Hooker's leadership was marked by a number of major projects designed to upgrade basic services. Lake Monroe became the major source of water for the city; tap water was fluoridated for the first time; a new sewage plant was built; new city buildings and recreational facilities were constructed; commissions for fair housing, human relations and drug control were created; and the city planning department was created and a full-time planner hired.
In a story marking Hooker's death, Indiana University's legendary chancellor Herman B Wells said: "Mayor Hooker was a very progressive mayor, interested in building Bloomington. He was a very good, personal friend."
The City Utilities Service Center on South Henderson Street was built during Hooker's time as mayor, and the size of the fire department and police department were increased.
Appropriations for parks expanded. The Frank Southern Center and the Ralph Mills pool were built. Land was purchased for what would become Winslow Park and some other smaller parks, including Crestmont Park.
Besides serving as mayor, Hooker was a Monroe County commissioner from 1961 to 1963. He also served on the Bloomington City Council, the Bloomington Board of Safety, board of works and plan commission. He also served on park, civil defense and aviation advisory boards. In the private sector, he worked in real estate and construction projects for Noble Roman's Inc., and served in several capacities for the Rogers companies, including assistant vice president of Rogers Group Inc. He initially pursued a career as an educator. He taught government to high school students for four years beginning in 1955 in the old Bloomington School Corp.
He served as board member and vice president of the American Red Cross, as an advisory board member of Bloomington Hospital and as project director of the Monroe Advancement Association. He also served on the boards of Bloomington and Monroe County Chamber of Commerce, Junior Achievers, YMCA, United Way and Boy's Club of Bloomington.
Charles 'Bud' Faris
Bud Faris was a businessman, a civic leader, a war veteran and friend to people from all walks of life. Born June 11, 1919, in Monroe County, he was the son of Jude Cameron Faris and Lillie Belle (Parnell) Faris. He was the grandson of Charles Cameron Faris, whose farm was purchased by IU and is now the home of Memorial Stadium and Assembly Hall.
His father and uncles bought the meat market on Walnut Street in 1923. He began working at what would be Faris Market at age 7.
He worked on Gen. Jimmy Doolittle's staff during World War II at the 8th Air Force base in England. He received the Bronze Star, a Presidential Unit Citation and Commendation from the British Royal Air Force for his contributions to the war effort. After the war, he returned to Bloomington and began serving his community. He was among the group of business people who helped attract industries such as General Electric to Bloomington. He was chairman of the first polio fund drive in town. He helped launch the United Fund, which later became United Way. He served eight years on the city council. He also served as alumni adviser to Kappa Sigma fraternity for more than 40 years. He was the "Outstanding Man of the Year" in Bloomington in 1952.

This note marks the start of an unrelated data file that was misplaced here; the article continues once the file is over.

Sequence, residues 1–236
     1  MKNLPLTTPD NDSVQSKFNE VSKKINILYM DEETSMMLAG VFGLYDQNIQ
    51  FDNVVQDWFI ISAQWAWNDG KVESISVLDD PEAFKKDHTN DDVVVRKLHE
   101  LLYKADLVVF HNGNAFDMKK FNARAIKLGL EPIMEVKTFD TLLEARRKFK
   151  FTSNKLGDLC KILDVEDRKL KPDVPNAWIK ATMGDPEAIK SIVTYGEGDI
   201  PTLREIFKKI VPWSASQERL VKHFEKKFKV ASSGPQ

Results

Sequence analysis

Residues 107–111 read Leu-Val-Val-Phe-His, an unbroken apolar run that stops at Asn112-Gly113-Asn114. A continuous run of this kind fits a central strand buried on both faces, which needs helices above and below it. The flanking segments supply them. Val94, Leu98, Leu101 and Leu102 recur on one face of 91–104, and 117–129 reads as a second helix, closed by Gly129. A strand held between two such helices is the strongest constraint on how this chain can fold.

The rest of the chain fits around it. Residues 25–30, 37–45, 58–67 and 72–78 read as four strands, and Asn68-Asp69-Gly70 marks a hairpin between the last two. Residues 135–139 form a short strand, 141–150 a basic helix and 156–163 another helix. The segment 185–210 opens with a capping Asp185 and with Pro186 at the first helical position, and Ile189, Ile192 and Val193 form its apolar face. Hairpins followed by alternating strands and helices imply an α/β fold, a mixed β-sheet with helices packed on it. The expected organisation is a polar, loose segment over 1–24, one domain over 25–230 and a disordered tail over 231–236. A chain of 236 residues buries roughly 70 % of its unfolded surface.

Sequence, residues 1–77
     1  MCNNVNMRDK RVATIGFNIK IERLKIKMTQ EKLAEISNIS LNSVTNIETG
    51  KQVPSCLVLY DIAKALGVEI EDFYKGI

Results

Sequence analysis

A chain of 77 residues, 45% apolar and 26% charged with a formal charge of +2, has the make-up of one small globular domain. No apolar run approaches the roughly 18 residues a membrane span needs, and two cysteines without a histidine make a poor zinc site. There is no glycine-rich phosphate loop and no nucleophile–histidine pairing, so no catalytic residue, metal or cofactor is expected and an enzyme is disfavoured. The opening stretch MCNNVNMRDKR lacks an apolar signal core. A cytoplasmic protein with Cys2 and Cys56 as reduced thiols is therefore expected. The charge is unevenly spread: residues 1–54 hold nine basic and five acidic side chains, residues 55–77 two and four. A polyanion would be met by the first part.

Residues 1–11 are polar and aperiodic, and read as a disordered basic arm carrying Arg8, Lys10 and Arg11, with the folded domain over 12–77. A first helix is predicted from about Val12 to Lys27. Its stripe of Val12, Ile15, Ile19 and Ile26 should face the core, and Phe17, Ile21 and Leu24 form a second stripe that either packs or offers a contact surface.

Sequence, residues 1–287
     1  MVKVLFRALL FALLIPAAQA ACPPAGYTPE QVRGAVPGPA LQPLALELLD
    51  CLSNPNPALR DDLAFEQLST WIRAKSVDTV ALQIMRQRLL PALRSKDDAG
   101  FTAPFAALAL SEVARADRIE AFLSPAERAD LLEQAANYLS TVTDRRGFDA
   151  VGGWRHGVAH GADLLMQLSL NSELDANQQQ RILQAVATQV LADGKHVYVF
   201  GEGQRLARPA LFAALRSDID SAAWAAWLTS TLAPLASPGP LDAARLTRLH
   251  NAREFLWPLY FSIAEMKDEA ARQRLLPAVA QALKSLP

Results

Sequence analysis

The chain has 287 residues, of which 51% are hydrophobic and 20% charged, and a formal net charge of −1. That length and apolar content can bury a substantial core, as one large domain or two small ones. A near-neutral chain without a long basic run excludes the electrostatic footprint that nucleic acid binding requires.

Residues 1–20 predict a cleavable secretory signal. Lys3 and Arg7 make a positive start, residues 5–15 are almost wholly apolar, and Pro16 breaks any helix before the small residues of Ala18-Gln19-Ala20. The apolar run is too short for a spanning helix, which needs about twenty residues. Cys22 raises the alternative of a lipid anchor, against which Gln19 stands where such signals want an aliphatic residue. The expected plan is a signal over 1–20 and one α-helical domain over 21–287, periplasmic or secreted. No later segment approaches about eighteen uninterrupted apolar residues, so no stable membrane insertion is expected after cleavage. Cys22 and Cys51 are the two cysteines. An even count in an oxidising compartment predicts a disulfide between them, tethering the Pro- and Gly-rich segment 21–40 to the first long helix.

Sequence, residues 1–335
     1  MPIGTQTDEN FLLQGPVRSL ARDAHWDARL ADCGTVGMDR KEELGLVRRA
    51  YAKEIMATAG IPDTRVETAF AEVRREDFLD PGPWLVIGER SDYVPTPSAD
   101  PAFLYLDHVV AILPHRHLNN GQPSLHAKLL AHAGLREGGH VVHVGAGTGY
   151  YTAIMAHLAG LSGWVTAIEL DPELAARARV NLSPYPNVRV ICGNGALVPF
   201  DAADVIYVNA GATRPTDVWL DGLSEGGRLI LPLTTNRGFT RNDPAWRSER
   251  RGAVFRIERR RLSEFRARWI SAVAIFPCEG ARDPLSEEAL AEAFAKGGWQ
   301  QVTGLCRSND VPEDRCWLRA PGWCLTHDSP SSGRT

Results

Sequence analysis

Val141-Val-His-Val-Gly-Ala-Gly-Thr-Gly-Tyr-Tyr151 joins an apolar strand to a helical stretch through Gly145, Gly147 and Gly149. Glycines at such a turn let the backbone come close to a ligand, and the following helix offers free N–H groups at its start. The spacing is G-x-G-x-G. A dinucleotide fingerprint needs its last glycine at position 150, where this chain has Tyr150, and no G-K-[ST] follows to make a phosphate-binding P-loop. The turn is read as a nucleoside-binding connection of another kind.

He died Aug. 9, 2002.
Frank Southern was involved in a wide variety of activities in Monroe County during the middle half of the last century. Bloomington's ice rink was named for him, commemorating his involvement.
He was born April 3, 1897, and married Wanda Payne on Christmas Day in 1917. They were married for 62 years.
His affiliations over a lifetime of service included 25 years on the Salvation Army board. He was the first president of the Central Lions Club, which he helped found in 1928.
He was president of the board of the Monroe County Chapter of the American Red Cross for 20 years and was a school board member for 21 years.
He was a member of Bloomington Parks and Recreation board for 20 years, and was a member of the North Central Church of Christ for 25 years. He was also a member of the 50-Year Club of the Indiana Bankers Association and the Red Men, Haymakers and Odd Fellows Lodge.
He started working at Monroe County State Bank in 1918, and moved up in the ranks to become president of the bank, then chairman of the board and finally, chairman emeritus.
He died April 7, 1979.
David P. Burton
In 1934, B.W. Bradfute, editor of the Bloomington Daily Telephone, wrote:
"If Bloomington ever comes to the point of building monuments to civic heroes, the first to be erected should commemorate the saving of IU to Bloomington — with the name of Uncle Dave Burton leading the rest."